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Terps' OC Walt Bell takes blame for offense's play against Penn State

COLLEGE PARK — Offensive coordinator Walt Bell received his share of credit for Maryland's 4-0 start this season, particularly for the way the Terps had run the ball.

In the aftermath of a 38-14 loss last Saturday at Penn State, Bell also got a good deal of the blame. The interesting part is that most of it came from the 32-year-old assistant himself.

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After starting his Wednesday news conference by saying that "we played as as poor as we could possibly play" and half-joked that "we were working really, really together in tandem to find a way to play poorly," Bell stopped himself and started over.

"When I say that we didn't play very well … I just want everybody to understand that ultimately, that means that I didn't coach very well. I am responsible for how well or how poorly that we do," Bell said.  "If our kids do well, it's typically because they did a great job and that makes me look really good.

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"If our kids play poorly, it's because I didn't do a good job. We're in it together and they understand that, but I have to do a better job of coaching them. I have to make sure I do a better job of making them as prepared as they possibly can be to play, regardless of circumstance or environment. Obviously I did not get that done last week."

As the third quarter was nearing its midpoint Saturday afternoon at Beaver Stadium, Maryland appeared to be on the verge of getting back in the game against Penn State. Trailing 24-14 at halftime, a 44-yard run by Maryland freshman Lorenzo Harrison had put the ball at the Nittany Lions' 30. The Terps eventually had a fourth-and-2 at the 22.

Bell spoke about the two biggest miscues the offense made.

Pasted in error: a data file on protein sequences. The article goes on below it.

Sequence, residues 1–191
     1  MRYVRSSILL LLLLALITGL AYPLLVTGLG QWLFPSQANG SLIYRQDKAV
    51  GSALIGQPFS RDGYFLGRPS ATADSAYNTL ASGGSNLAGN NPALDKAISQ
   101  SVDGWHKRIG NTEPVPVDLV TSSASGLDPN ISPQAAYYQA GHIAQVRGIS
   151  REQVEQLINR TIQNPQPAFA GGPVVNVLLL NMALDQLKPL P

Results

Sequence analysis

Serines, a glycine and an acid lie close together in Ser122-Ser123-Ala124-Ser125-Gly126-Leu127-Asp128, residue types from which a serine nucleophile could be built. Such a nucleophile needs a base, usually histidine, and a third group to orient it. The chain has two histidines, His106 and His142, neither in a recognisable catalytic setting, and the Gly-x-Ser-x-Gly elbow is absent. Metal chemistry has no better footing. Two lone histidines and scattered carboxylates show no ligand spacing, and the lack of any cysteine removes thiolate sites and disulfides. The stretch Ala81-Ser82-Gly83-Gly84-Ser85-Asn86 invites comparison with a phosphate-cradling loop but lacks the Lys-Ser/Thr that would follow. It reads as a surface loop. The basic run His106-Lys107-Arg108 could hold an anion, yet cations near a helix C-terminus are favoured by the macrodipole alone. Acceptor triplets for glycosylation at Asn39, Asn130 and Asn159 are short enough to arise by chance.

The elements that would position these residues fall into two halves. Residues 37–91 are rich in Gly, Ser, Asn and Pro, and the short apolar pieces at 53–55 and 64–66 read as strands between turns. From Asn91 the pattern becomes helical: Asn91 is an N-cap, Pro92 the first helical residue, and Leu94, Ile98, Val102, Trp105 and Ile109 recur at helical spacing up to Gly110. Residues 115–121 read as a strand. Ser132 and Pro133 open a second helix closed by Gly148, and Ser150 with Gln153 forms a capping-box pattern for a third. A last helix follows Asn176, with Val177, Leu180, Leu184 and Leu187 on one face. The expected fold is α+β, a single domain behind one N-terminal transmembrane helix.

One was a first-down fumble by senior quarterback Perry Hills in the second quarter after the Terps, trailing 17-7, had blocked a punt deep in Penn State territory and Hills was hit from the blind side after going back to pass. Two players who were supposed to block left Hills unprotected.

"We had a lineman and a lead block run by him [the player they were supposed to block]," Bell said. "It's something that we work on all the time. We had [Damian] Prince in at guard and he hadn't taken a ton of reps there. We didn't the job done.

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"There are a gajillion calls you'd love to have back anytime you don't play well. Absolutely. There are 10 or 12 plays that you'd love to have back when you win a game. Absolutely. … Anytime I say we didn't do our jobs means that I didn't do my job getting those guys ready to get them blocked."

Growing up in a small town outside Nashville, Tenn., Maryland offensive coordinator Walt Bell used to spread out his football playing cards on the couch in the

The other play was a fourth-and-2 run from the Penn State 22-yard line late in the third quarter when freshman running back Jake Funk was tackled for a five-yard loss. At the time, Maryland was still trailing by the same score, 24-14, it was behind at halftime.

"Coach Durkin asked, 'Do you feel good about it?'" Bell said. "And the answer was 'Yes.' If we had to do it again, would I still go for it? Absolutely. Would we block it better? Absolutely. That's part of the maturation process of a football program. As we continue to get better, we'll have less and less issues like that."

In a season when Notre Dame coach Brian Kelly has blamed his players and fired his defensive coordinator for his team's poor start, Bell's attitude reflects the message being sent by first-year coach DJ Durkin, who like his offensive coordinator took blame for his team's first loss.

Bell also understands that the attention he received after the first four games might have been a bit overblown.

"I've said the same thing every week, we've got a long way to go," Bell said. "I know after the first four weeks, everybody thought I was Bill Walsh and we had Montana and Elway and Jumbo Elliott and Willie Roaf out there playing.

"We've got a long way to go. We've been really consistent every week. The message has been the same every week, let's be the best us we can be. We're not there yet. Last week we just happened to be really far away from that."

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